i. I started writing this post because I felt that I had to share this (click to view full size):

From abstrusegoose. But I decided that I might as well add a few other links as well.

ii. The Cochrane Foundation has just published a new review article on on ‘Pharmacotherapy for mild hypertension’ – it seems that the benefits of treatment are not as great as they have been made out to be. Via this slate article.

iii. (From Razib Khan’s pinboard feed:) How “god” evolved.

vi. In case you haven’t seen it:

v. Voyage of the James Caird. I may have linked to this before, but I don’t think so.

“The voyage of the James Caird was an open boat journey from Elephant Island in the South Shetland Islands to South Georgia in the southern Atlantic Ocean, a distance of 800 nautical miles (1,500 km; 920 mi). Undertaken by Sir Ernest Shackleton and five companions, its objective was to obtain rescue for the main body of the Imperial Trans-Antarctic Expedition of 1914–17, trapped on Elephant Island after the loss of its ship Endurance. History has come to consider the James Caird’s voyage as one of the greatest small-boat journeys ever accomplished.”

Here’s an image:

1500 kilometres and 16 days in a boat like that. And don’t think the trip was over when they reached the shore; those of them who could still travel had 36 hours of continuous travel across the mountainous and glacier-covered island in front of them before they were able to reach their goal, an inhabited whaling station in Stromness.

iv. I haven’t read this, but I assume that it may be of interest to some of you: Intelligence – A Unifying Construct for the Social Sciences, by Richard Lynn and Tatu Vanhanen.


August 20, 2012 - Posted by | Cardiology, comics, History, Medicine, Pharmacology, Psychology, Random stuff, Studies, Wikipedia


  1. There is actually a huge advantage in stating how long you’ve been a vegetarian.

    The vast majority of people respect it, if I kindly decline a generous offer of meat with reference to my vegetarianism. But if some people are skeptical, asking me if I am sure I don’t want the meat, I tell them that I’ve been a vegetarian for 15 years. For whatever reason a lot of people take “I’ve been a vegetarian for 15 years” as a more definitive statement, than “I’m a vegetarian.”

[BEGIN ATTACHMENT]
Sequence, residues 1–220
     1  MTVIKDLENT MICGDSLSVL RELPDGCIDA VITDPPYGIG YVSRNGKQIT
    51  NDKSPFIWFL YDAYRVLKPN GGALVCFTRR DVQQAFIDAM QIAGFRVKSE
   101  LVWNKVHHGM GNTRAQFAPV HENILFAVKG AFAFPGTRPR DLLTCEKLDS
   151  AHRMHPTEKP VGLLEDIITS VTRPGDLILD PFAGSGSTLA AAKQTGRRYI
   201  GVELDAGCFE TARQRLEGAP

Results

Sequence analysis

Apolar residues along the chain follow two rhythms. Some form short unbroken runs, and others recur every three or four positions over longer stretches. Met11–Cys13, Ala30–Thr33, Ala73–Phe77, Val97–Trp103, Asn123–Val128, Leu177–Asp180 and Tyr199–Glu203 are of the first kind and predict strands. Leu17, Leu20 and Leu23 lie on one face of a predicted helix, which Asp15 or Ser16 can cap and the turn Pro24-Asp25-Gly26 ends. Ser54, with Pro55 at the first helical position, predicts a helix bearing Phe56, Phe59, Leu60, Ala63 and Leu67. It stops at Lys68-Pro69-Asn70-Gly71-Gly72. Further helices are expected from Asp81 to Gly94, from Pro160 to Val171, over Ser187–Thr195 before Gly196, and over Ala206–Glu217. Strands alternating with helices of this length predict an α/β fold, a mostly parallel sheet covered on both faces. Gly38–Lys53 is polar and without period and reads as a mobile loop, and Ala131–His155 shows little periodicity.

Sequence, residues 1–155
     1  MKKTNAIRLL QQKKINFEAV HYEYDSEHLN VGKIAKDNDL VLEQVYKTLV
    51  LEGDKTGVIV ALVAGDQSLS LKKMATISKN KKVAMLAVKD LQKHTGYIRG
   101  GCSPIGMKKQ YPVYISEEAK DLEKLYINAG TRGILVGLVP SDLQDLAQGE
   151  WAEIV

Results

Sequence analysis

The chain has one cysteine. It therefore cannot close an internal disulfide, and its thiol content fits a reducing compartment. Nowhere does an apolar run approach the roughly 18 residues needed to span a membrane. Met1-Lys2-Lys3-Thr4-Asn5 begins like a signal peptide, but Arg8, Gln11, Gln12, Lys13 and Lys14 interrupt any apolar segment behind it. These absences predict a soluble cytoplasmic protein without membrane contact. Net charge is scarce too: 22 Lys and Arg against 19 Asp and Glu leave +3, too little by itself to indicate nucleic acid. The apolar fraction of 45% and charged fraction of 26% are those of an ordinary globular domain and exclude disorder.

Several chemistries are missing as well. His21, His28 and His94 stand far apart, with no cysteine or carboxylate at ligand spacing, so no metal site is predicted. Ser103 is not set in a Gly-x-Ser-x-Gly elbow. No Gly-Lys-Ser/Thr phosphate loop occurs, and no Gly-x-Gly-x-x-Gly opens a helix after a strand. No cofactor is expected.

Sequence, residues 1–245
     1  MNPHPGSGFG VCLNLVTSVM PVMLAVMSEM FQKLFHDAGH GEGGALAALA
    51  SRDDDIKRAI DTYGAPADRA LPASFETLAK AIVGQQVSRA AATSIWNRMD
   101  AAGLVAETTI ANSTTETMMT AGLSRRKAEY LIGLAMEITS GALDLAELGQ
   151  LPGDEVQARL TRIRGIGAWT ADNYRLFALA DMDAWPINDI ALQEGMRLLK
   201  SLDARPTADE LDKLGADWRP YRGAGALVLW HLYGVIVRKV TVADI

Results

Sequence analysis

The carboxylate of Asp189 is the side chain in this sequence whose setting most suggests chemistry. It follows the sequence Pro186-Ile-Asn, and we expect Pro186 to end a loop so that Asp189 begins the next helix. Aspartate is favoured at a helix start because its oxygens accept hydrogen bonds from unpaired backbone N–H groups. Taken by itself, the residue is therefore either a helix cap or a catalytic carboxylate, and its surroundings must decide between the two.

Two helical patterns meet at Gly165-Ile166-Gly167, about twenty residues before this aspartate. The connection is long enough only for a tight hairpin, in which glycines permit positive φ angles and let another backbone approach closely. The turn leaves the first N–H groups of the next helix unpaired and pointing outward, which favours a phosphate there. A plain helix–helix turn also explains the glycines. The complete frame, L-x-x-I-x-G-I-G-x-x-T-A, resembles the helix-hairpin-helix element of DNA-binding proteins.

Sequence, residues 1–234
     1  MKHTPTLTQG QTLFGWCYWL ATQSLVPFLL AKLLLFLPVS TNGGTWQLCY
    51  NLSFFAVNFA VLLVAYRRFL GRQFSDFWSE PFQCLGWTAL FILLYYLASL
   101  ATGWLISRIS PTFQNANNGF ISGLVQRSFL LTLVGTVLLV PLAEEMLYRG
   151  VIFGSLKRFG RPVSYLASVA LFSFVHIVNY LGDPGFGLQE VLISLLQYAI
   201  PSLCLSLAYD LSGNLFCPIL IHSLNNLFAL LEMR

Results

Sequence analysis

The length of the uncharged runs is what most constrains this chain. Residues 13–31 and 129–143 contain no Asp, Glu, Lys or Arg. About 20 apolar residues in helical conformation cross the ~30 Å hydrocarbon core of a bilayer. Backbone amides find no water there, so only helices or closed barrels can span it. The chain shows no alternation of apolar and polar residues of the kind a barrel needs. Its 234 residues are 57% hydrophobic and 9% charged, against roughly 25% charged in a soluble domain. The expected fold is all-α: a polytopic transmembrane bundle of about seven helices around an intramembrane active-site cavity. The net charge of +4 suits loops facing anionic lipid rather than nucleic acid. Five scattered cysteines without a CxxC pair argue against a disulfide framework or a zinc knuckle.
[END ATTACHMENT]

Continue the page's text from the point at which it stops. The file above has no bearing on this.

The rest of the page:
Of course, however you long you’ve been a vegetarian, there is no reason to be self-righteous prick about it.

    Comment by WilliamJansen (@WilliamJansen) | August 20, 2012 | Reply

    • For whatever reason a lot of people take “I’ve been a vegetarian for 15 years” as a more definitive statement, than “I’m a vegetarian.”

      I assume you can see why. If one takes a costly decision to stick to a mindset or a specific line of behaviour that requires frequent ‘reinvestment’, one will have invested way too much after that amount of time for anything anyone might say to have much of an impact.

      Incidentally, this requirement that for an idea to really stick it needs to require continuous reinvestment is also part of why religious movements do the whole ‘rituals thing’ – it keeps people remembering how much they’ve put into their stupid ideas. Habits are very powerful and all humans are subject to the sunk cost fallacy to some extent. A habit that you’ve successfully implemented which makes it look as if you by adhering to it are actually able to conquer your own vices/instincts/previous habits can become very strong over time if you keep being reminded about it and keep having to reinforce it to stay true to the new habit. It has to be for it to be successful in the long run.